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Sunday, September 14, 2014

Picking, Pressing, and Primary Fermentation

The harvest season for us is nearly over. Though we still have some grapes to pick (Nortons and Scuppernongs), they won't be ready for another 1 1/2 to 2 weeks. Our attention lately however has been devoted to the French vinifera, where we picked tons of grapes, first whites, and then the reds. They have already been put through their paces getting them well on their way so they can "just hang around" in the stainless steel fermenting tanks, mellowing out for the next 5 months prior to bottling in February.

We had a great crew working with us this year. And though they seem motley, the fact is that these guys just clicked. I try to train as best I can, telling them the hows and whys for what they are doing. There is a definite step by step process we follow as we prepare the vines for picking, and then finally getting down to the task of clipping off the clusters one at a time. They were able to anticipate where the work was needed to be done, jumping in whenever extra hands were needed. They also grasped the flow of the operation to eliminate unnecessary movement, efficiently getting the grapes into the lugs, then onto the trailer for shipment back to the winery some 11 miles away.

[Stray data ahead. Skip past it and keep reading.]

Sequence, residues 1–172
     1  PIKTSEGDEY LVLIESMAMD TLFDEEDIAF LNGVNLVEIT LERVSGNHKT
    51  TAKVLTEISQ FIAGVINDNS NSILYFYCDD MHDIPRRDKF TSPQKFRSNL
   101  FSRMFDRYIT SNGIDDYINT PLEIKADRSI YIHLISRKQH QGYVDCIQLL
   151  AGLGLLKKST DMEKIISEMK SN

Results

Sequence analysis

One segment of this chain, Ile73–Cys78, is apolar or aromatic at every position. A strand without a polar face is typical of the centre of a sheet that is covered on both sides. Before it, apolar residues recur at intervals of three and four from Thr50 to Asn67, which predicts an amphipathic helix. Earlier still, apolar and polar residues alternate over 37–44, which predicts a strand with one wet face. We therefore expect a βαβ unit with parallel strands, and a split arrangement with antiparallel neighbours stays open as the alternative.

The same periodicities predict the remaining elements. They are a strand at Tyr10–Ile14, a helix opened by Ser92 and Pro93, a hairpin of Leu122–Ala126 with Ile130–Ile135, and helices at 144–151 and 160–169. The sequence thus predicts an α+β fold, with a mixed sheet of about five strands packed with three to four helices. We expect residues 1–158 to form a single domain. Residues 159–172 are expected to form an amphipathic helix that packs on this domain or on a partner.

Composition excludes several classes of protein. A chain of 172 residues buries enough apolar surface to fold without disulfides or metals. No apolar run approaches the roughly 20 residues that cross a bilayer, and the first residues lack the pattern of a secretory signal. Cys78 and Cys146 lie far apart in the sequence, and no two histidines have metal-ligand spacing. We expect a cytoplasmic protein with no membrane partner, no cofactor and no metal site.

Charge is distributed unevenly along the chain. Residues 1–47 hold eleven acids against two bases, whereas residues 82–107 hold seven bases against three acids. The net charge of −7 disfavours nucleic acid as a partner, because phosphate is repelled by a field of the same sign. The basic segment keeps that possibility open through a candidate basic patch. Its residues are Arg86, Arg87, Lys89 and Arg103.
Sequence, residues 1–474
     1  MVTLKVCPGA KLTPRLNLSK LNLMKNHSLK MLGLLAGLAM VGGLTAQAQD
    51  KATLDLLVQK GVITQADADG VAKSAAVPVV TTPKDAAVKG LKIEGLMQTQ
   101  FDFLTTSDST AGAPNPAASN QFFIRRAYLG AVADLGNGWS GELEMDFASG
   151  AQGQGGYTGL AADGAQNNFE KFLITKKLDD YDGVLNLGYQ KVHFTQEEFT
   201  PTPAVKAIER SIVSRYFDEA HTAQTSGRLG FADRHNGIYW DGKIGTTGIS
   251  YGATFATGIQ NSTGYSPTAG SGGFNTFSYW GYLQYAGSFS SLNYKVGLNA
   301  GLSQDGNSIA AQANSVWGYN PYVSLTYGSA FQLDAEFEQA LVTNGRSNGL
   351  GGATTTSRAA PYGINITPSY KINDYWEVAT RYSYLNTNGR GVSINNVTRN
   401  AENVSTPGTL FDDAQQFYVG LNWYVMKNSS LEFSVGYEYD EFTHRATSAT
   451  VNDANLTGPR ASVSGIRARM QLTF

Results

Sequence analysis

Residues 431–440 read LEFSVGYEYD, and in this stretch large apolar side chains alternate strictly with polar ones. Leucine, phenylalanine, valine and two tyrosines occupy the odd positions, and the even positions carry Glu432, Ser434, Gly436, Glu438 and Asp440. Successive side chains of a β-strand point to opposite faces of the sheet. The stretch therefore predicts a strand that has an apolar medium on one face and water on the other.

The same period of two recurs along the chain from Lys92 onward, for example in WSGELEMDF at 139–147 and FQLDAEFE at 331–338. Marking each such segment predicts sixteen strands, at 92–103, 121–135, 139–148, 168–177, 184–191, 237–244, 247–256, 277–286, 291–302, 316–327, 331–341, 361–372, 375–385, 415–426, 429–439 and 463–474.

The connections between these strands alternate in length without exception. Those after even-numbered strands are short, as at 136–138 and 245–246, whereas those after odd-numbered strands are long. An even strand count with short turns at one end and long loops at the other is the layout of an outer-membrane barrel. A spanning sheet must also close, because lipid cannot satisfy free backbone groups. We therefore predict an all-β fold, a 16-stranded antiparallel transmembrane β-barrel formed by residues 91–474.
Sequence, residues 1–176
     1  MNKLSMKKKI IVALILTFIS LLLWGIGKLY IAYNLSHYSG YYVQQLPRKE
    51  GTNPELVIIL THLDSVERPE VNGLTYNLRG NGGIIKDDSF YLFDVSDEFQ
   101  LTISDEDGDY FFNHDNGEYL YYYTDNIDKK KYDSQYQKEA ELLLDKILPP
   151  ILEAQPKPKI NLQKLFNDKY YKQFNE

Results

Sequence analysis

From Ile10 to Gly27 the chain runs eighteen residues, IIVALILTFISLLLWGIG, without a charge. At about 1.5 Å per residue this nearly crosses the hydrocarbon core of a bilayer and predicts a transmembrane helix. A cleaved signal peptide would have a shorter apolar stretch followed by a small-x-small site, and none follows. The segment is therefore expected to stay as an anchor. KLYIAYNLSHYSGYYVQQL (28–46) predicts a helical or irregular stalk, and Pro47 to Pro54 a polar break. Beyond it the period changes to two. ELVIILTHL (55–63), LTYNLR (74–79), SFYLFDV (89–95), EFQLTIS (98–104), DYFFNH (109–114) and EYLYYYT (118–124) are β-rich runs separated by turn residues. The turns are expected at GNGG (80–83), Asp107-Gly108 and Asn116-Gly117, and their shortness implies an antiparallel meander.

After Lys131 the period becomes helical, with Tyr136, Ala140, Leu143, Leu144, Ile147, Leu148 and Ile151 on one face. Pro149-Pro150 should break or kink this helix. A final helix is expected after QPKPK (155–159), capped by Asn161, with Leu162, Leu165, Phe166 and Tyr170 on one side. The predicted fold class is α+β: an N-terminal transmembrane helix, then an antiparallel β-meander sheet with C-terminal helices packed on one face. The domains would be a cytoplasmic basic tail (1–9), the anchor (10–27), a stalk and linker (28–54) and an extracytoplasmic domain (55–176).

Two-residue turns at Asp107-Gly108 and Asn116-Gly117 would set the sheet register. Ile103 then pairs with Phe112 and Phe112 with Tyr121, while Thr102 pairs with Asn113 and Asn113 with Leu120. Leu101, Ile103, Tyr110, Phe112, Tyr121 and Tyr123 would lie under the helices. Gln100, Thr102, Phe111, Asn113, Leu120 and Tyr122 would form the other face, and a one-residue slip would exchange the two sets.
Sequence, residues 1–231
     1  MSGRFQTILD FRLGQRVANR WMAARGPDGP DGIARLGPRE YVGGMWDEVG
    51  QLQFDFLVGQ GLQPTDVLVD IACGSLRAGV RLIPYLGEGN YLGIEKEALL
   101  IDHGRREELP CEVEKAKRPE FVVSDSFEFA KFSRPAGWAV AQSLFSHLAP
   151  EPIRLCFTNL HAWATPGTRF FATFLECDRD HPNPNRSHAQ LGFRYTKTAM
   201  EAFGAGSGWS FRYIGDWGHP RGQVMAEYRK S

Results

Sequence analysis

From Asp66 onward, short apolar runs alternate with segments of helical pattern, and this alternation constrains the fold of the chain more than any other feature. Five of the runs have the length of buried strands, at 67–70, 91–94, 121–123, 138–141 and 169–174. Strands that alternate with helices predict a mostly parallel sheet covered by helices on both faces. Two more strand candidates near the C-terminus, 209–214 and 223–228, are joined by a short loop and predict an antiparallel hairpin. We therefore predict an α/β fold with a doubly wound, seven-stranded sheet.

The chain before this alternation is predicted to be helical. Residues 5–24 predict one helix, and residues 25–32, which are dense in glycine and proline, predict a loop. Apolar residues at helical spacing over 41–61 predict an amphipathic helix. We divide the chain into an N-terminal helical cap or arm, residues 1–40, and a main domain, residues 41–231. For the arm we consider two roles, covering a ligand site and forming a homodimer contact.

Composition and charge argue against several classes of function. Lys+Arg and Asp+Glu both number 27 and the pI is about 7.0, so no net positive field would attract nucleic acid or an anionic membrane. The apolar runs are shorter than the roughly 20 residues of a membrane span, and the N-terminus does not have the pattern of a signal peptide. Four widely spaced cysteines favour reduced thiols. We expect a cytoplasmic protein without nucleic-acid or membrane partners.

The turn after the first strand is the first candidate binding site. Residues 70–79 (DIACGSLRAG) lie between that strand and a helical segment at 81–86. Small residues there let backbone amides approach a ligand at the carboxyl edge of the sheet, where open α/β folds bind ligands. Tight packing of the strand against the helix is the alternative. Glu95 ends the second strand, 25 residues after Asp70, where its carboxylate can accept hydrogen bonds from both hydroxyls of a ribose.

Preparation for the harvest really began several weeks earlier by putting the shoots in place and then removing any leaves around the fruiting zone. This left all the clusters visible and easy to grasp and snip.This crew of yellow-shirted dudes pulled in 3 1/2 tons of Seyval Blanc in 3 1/2 days, and that included all the processing too, which included destemming, crushing, and sending through the press to remove the skins and seeds from the juicy pulp. This resulted in about 1500 liters of fermenting wine, enough to make 2000 bottles of dry white table wine.

Two weeks later this crew with the help of 2 more harvested the Cabernet Franc and brought in another 2 tons of grapes in only 12 hours. I shouldn't need to remind you that this is after an entire season of working with these grapes as I have described in prior blogs.

This was also the first year we purchased grapes from another vineyard to supplement our own vineyard production. 500 pounds of Petit Verdot were brought in one Sunday afternoon and Diane and I processed them into our MacroBins to begin the fermenting process, where they would soon be combined with our own grapes.

The 2014 season will soon be over, but that only signals the start of the 2015 season. Preparation for next year starts right away; more on that later.

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